Solving Mars’s geological mysteries from millions of miles away.
Two scientists in Texas A&M University’s Department of Geology and Geophysics are part of the Perseverance mission, looking for signs of ancient life on Mars.
By LESLIE LEE
NASA Mars 2020 Rover Sample Collection Animation NASA/JPL-Caltech
NASA’s Perseverance rover landed in Jezero crater on Mars on Feb. 18, 2021. For the next 687 days, the rover will search for signs of ancient microbial life.
Perseverance is exploring Jezero crater—sculpted terrain suggests it once was a deep crater lake fed by flowing rivers and may exhibit signs of ancient microbial life. Scientists also are testing technologies to help pave the way for future human exploration of Mars. Each of NASA’s Mars explorations “followed the water,” and earlier missions have shown that liquid water existed on Mars in the distant past. The rover will drill and collect core samples and then store them in sealed tubes for pickup and return to Earth by a future mission.
Two scientists in Texas A&M’s College of Geosciences are part of the Mars 2020 Perseverance rover mission: Marion Nachon and Michael Tice, associate research scientists in the Department of Geology and Geophysics.
Conducting field research on another planet
Nachon is one of only 13 scientists selected by NASA for the mission conducting research on the data from Perseverance and supporting the mission’s daily operations. Nachon’s research project will couple datasets from Perseverance’s Planetary Instrument for X-ray Lithochemistry (PIXL) and SuperCam instruments to characterize Mars’s geological record at the millimeter/micrometer scale. “Jezero crater was once filled by a lake, fed by a river,” Nachon said. “So, I’m working to characterize what happened to these sediments after they were deposited into the lake. What happened between then, billions of years ago, and now, when Mars is dry and cold? And how does this affect our search for traces of potential ancient Martian life?” Remotely from Earth, Nachon and the Perseverance team are using the data collected by Perseverance’s instruments to analyze in near real time sediment samples from the ancient river delta and lake bed in Jezero crater to look for evidence of ancient microscopic life.
Jezero Crater / MARS
“The PIXL instrument can take amazing images of rocks and show precise composition of the rocks. So it might be one of the most exciting instruments for helping the team identify and analyze potential signs of life and guide which samples will be drilled and cached and brought back to Earth by a subsequent mission,” Nachon said.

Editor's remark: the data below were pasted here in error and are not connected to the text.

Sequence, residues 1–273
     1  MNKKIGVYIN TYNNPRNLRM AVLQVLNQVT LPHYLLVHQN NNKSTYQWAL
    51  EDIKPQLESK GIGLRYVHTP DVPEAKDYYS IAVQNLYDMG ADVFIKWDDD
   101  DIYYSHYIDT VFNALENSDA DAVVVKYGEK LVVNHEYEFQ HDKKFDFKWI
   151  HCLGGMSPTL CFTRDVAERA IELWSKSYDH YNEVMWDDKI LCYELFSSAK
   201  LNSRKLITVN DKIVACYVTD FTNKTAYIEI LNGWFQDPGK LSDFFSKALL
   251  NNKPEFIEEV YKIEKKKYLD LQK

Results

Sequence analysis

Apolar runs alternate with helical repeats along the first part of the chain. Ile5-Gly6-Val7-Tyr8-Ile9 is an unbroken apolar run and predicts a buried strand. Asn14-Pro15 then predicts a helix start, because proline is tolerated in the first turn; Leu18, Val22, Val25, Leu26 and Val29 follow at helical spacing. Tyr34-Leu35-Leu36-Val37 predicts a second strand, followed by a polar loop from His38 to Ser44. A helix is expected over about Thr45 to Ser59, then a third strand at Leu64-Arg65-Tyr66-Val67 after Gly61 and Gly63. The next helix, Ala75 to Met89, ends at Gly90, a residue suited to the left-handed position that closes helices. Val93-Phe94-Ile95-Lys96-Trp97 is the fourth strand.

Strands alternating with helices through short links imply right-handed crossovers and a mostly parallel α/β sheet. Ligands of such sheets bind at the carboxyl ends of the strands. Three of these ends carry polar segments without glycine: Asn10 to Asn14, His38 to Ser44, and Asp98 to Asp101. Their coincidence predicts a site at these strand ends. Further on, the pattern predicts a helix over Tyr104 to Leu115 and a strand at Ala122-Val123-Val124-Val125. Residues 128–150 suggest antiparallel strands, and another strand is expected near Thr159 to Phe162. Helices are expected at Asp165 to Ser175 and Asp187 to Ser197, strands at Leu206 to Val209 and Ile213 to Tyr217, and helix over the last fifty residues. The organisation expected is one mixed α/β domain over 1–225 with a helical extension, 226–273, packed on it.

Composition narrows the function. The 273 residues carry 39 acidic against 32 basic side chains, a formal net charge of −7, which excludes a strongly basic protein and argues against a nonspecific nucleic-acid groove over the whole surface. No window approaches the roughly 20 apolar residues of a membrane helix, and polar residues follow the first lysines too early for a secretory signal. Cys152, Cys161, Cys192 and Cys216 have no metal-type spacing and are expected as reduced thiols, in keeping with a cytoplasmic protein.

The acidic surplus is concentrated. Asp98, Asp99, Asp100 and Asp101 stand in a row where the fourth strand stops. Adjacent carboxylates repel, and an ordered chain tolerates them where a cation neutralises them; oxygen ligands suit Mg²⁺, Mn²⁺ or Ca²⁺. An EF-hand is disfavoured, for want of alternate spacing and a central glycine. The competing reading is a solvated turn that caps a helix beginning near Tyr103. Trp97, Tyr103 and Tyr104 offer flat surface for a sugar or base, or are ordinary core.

A spectrometer like no other
Tice is a co-investigator on the Mars 2020 PIXL Team, supporting the daily operations of the PIXL instrument—an X-ray fluorescence spectrometer with a high-resolution camera. PIXL can identify chemical elements at a tiny scale, and it has a camera that takes super-close-up pictures of rock and soil textures. “PIXL is basically an X-ray microscope for ‘looking’ at the elemental composition of rocks,” Tice said. “PIXL is designed to help us tell the difference between, for instance, a sandstone that formed as the result of sand rolling down the side of a ripple and a sandstone that formed as a community of microorganisms that grew on a beach.”
The scientists will use PIXL to detect and measure elements common in rocks and minerals, such as aluminum, silicon, and calcium. “PIXL works by pointing an X-ray beam thinner than a human hair at spots on the target rock, measuring the X-rays that fluoresce back at it, and then repointing at the next point to make lines, grids, or maps,” he said. “It is smart enough to be able to pick out spots on the rock that we tell it to, even when the rover arm doesn’t quite get us there exactly. It is even smart enough to be able to track those points overnight as the arm PIXL is attached to flexes unintentionally while the air temperature changes by up to 100°C (180°F). These capabilities make PIXL one of the most complex instruments to ever be placed on a NASA rover.” As Nachon, Tice, and their NASA colleagues continue their work, Perseverance will continue exploring Jezero crater, and scientists the world over will wait and watch for what, if any, signs of life they find.
MISSION OVERVIEW: NASA’s Perseverance Mars Rover
NASA's Mars 2020 Perseverance rover is searching the Red Planet for signs of ancient life, collecting samples, and helping pave the way for human exploration.